Investigation into the pH of the Ocular Secretions of the Bottlenose Dolphin (Tursiops aduncus) with Corneal Disease
IAAAM 2014
Mariana Kuprijanova1*; Duan T. March1; Carmen M.H. Colitz2; Andrew Peters3
1Dolphin Marine Magic, Coffs Harbour, NSW, Australia; 2All Animal Eye Care, Jupiter, FL, USA; 3Charles Sturt University, Wagga Wagga, NSW, Australia


Corneal diseases are a common problem in captive populations of the bottlenose dolphin (Tursiops spp.) around the world. The pathogenesis of this disease is most likely multifactorial in origin and represents a significant management issue for this species. The tear film produced by terrestrial mammals plays an important role in the maintenance of ocular health; however, the role of these secretions in marine mammals is unclear.1,2 The pH of mammalian tear film has been shown to vary with some states of corneal pathology; however, this pattern has not been investigated in cetaceans.2-4 To investigate this process, the tear film pH from five Tursiops aduncus of mixed ages and sexes were measured daily over a four-month period. During this period, the animals were housed separately in pools that will be referred to as Dolphin Pool 1 (DP1) and Dolphin Pool 2 (DP2). An objective criterion was created to classify the degree of corneal disease. Scores ranged from zero to six, with zero representing a healthy eye and a grading of five used for severe disease. The score six was used for an eye following perforation of the cornea. Additional parameters including UV exposure, chlorine levels, exhibit water pH, and the presence or absence of oral and topical medications were also recorded.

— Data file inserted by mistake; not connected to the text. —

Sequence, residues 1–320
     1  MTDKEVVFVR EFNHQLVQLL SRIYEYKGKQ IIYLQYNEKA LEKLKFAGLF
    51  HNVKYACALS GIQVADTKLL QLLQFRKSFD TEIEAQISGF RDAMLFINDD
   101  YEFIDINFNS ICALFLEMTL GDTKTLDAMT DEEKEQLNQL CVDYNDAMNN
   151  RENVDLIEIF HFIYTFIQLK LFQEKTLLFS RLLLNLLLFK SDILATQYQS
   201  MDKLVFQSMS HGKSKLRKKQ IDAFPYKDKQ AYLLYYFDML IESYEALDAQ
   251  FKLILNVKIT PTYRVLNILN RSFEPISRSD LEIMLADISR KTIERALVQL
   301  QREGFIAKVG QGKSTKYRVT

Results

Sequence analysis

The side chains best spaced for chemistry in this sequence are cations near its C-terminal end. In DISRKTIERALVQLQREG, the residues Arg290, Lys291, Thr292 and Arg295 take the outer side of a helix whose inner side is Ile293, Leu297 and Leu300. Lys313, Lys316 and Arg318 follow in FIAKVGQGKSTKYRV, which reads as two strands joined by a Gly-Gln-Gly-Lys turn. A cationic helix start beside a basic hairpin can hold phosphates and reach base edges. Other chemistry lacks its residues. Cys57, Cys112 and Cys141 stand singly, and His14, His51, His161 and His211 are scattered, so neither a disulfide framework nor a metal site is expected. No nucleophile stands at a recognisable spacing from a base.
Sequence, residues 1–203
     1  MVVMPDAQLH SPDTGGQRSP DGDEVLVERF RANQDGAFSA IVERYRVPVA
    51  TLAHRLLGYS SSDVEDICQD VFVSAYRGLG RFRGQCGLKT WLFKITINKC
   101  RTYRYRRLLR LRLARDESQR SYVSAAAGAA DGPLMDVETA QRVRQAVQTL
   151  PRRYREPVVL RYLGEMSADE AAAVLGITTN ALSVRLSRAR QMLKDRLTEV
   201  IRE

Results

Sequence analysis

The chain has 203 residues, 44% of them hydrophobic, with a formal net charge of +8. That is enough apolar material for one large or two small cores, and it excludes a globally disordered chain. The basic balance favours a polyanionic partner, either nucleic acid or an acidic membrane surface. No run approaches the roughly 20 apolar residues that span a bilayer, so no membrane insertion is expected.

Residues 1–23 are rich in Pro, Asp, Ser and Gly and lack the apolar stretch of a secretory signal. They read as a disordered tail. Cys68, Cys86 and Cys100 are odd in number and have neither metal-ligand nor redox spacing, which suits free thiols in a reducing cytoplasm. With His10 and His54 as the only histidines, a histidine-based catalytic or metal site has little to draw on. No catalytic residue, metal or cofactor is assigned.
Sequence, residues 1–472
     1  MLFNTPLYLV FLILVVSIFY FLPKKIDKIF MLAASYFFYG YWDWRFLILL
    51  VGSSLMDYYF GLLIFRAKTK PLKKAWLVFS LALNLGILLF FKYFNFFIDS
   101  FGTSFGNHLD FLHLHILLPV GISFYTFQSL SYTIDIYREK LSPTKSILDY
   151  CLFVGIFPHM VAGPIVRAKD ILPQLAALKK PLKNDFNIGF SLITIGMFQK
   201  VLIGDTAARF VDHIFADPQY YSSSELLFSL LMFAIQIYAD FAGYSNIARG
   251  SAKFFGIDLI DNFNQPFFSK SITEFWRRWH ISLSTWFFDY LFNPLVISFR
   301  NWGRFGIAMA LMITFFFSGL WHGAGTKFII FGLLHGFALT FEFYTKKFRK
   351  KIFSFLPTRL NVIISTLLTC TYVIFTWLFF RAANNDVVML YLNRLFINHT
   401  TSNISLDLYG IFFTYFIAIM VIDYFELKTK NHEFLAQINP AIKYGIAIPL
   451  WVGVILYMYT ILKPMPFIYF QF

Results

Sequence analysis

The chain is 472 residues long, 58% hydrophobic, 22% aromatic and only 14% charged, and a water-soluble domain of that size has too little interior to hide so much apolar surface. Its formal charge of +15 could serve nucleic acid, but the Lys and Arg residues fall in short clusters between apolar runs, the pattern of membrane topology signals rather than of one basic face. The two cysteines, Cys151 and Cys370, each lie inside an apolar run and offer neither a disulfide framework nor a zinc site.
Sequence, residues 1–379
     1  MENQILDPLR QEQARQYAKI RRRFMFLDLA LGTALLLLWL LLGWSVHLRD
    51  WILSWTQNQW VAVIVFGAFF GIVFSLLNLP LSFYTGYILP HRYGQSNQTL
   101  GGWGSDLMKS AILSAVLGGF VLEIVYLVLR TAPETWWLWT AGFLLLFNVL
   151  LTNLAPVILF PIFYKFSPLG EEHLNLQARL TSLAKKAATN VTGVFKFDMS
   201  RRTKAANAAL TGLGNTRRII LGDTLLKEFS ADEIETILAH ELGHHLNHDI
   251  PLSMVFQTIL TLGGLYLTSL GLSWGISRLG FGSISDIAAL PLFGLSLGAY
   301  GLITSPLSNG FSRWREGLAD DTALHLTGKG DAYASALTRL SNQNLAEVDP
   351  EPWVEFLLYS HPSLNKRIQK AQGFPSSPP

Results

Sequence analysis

There was a significant relationship between the disease condition of the cornea and the pH of the tear film (p = 0.0000); however, this relationship was complex and nonlinear. The salinity of DP1 accounted for a significant amount of the variance in eye pH (p = 0.0002), demonstrating a linear relationship whereby increasing salinity in that pool was associated with increased pH of the tear film. The temperature measured in DP2 also accounted for variance in tear film pH (p = 0.0004); however, this was not linear. DP2 was significantly colder than pool DP1, and the lack of a linear relationship between pool temperature and tear film pH suggests that the colder water in pool DP2 was associated with greater fluctuation of eye pH rather than a higher or lower pH per se.


The authors wish to thank the trainers at Dolphin Marine Magic for the time spent training animals and collecting samples.

* Presenting author

Literature Cited

1.  Gelatt KN. Essentials of Veterinary Ophthalmology. Philadelphia, PA: Lippincott Williams & Wilkins; 2000:79–90.

2.  Tarpley RJ, Ridgway SH. Orbital gland structure and secretions in the Atlantic bottlenose dolphin (Tursiops truncatus). J Morphol. 1991;207(2):173–184.

3.  Norn MS. Tear fluid pH in normals, contact lens wearers, and pathological cases. Acta Ophthalmol. 1988;66(5):485–489.

4.  Young N, Dawson W. The ocular secretions of the bottlenose dolphin (Tursiops truncatus). Mar Mammal Sci.1992;8(1):57–68.


Speaker Information
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Mariana Kuprijanova
Dolphin Marine Magic
Coffs Harbour, NSW, Australia

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